restoration saga: expiration date

To fully appreciate what happened tonight at the house, you’ll need a short history lesson.

Before our family purchased the house this fall, the house sat, unoccupied, for about two years. The previous owner had passed away, and his family didn’t want the house (apparently, stripping a home down to its studs and starting over is appealing to only a small percentage of the population), so our little cottage endured abandonment.

Return to present day affairs. After a month of pleading with our dumpster company to bring our big-honkin’ dumpster back (note to the green-conscious: I am trying to salvage and recycle what I can, but there’s only so much you can do with moldy, pee-stained – don’t ask me I’m just the home owner – cabinets), listening to their barrage of reasons not to deliver the big-honkin’ (it’s snowing! it’s still snowing! now the ground is soft!), they have delivered.

And so have we.

And so has the house.

We’re cleaning out the basement. There are lots of things that are bad about the basement: decades of collected, crumbling, unbaked ceramics, ranging from baby Jesus in a manger to, um, nude art that is, shall we say, not so much art for art’s sake; old paints, rusted shelves, forgotten canned foods; a spring-fed pool (yes, really) . . . and a freezer. One of those huge freezers people use to store pizzas and half-cows and things.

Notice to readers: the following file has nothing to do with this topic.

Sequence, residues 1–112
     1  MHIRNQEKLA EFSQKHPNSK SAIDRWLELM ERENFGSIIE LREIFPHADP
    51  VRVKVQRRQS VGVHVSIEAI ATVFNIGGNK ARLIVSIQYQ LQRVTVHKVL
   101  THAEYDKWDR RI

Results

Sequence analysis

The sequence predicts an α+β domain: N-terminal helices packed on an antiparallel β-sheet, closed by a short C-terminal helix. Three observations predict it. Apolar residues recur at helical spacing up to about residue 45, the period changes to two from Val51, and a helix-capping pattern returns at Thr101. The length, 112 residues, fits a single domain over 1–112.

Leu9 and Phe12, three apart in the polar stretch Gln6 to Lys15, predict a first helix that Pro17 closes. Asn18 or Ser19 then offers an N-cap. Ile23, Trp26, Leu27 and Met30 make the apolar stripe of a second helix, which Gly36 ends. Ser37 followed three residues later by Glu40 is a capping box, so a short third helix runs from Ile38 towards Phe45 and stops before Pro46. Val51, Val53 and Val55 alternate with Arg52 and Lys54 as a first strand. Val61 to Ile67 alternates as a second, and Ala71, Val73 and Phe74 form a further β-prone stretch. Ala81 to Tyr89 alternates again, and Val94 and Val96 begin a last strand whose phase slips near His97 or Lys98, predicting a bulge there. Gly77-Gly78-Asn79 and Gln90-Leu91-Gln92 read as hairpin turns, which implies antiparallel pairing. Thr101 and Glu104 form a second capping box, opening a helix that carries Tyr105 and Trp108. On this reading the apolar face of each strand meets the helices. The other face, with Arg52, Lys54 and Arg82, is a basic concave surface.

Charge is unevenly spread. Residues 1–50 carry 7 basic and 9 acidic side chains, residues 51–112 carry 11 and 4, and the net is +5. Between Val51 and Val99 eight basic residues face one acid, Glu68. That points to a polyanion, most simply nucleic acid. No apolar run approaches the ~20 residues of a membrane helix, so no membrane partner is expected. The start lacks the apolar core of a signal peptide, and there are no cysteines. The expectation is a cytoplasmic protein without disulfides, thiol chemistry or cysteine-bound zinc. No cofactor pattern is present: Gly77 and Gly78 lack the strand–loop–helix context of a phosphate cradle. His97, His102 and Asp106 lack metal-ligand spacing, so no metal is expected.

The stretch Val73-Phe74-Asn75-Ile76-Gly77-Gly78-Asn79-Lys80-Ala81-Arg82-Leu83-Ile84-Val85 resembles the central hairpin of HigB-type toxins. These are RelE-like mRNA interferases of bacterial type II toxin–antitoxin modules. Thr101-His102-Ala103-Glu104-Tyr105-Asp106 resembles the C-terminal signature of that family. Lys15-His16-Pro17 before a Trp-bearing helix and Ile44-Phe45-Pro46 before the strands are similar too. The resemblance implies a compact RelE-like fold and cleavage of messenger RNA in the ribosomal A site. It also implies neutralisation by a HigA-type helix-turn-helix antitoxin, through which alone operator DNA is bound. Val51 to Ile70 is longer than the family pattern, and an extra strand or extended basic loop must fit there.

After a collective total of about 12 man-hours (AND woman-hours. I was there too.), in which we systematically started right next to the freezer and worked away from it, tonight, we approached the freezer.

In a moment of bravery, followed quickly by regret, my husband lifted the lid of the freezer. After about two seconds, he slammed it shut, but it was too late. The entire house filled with the smell of old meat, unfrozen for two years.

We don’t consider ourselves quitters, but . . . suddenly it was time to go home.

If you have any ideas on how to get ourselves out of this one, we’d love to hear them. In the meantime, we’ll be telling our story and trying to chuckle about it and crying ourselves to sleep at night.

6 thoughts on “restoration saga: expiration date

  1. Pingback: the principle of small things « la corbeille

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  6. Pingback: RS: basement: before & during | la corbeille

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